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Epidemiology. 1996 Jan;7(1):14-9.

Genital anomalies and risk for testicular cancer in Danish men.

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  • 1Danish Cancer Society, Division for Cancer Epidemiology, Copenhagen, Denmark.


In a cohort of Danish boys characterized by (1) being born between 1941 and 1957, (2) having attended schools in a defined area of Denmark, and (3) having a school health record available, 183 were registered in the Danish Cancer Registry with testicular cancer diagnosed before January 1, 1985. We selected 366 age- and sex-matched controls from the same cohort. Using information recorded by school physicians, we performed logistic regression analyses to estimate the relative risks (RR) associated with various genital anomalies. We found the risk for testicular cancer to be raised for men with a history of cryptorchidism [RR = 5.2; 95% confidence interval (CI) = 2.1-13.0], inguinal hernia (RR = 1.8; 95% CI = 0.9-3.7), hypospadias (RR = 4.2; 95% CI = 0.4-42.7), and hydrocele (RR = 2.4; 95% CI = 0.6-9.0). We observed no decrease in the risk associated with cryptorchidism after correction of the maldescent in early childhood. The RR of testicular cancer in the contralateral, normally descended testis in unilateral cryptorchid men was increased to 3.6. The results add to the growing evidence for a common causal factor for both testicular cancer and cryptorchidism and support the findings from other studies of associations between other genital anomalies involving the closure of the processus vaginalis and the risk of testicular cancer.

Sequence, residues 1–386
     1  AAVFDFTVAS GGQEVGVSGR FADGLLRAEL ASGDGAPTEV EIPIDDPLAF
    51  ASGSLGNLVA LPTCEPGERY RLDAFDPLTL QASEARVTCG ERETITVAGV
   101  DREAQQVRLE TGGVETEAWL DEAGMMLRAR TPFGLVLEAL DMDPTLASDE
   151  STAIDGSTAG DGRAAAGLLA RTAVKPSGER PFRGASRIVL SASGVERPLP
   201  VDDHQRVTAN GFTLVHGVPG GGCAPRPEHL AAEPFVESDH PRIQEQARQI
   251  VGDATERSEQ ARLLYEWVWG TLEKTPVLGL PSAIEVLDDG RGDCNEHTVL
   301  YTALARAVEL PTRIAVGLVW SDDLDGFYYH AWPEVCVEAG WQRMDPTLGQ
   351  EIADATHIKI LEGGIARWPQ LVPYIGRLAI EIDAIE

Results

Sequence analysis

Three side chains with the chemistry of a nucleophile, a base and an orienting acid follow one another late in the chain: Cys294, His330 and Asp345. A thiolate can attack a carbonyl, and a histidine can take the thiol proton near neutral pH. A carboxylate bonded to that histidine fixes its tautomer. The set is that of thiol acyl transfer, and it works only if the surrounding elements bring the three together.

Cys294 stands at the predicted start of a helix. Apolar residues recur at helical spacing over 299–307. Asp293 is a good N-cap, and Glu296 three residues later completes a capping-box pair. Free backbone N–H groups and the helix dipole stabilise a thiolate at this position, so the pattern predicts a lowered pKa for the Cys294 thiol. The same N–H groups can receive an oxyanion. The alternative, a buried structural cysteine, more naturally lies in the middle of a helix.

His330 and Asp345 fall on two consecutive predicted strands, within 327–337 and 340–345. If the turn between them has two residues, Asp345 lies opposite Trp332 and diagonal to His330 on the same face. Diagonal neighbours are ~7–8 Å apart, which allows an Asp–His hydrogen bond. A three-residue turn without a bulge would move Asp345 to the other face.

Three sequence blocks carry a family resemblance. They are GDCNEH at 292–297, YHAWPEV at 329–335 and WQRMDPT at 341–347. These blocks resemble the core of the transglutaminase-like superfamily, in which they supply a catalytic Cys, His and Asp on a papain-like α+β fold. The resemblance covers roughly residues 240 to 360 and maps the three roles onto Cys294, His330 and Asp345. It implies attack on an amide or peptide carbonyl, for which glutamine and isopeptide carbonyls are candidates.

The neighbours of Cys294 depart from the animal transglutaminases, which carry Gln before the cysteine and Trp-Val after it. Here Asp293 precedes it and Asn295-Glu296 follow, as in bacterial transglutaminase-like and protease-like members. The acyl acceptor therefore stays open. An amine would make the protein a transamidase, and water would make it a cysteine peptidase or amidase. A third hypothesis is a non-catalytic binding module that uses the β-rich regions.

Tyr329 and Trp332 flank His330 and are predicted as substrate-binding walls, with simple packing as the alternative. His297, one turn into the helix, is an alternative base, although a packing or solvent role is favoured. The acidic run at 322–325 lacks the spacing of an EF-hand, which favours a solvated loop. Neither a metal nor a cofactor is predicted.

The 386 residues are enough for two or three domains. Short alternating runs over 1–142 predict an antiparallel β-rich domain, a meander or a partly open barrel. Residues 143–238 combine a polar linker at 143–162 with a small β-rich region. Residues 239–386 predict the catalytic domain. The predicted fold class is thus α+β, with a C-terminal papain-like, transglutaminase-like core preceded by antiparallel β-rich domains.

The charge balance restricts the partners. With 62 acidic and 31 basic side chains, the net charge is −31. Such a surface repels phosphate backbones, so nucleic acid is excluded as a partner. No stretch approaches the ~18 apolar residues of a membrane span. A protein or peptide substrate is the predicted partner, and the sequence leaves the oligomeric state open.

[PubMed - indexed for MEDLINE]
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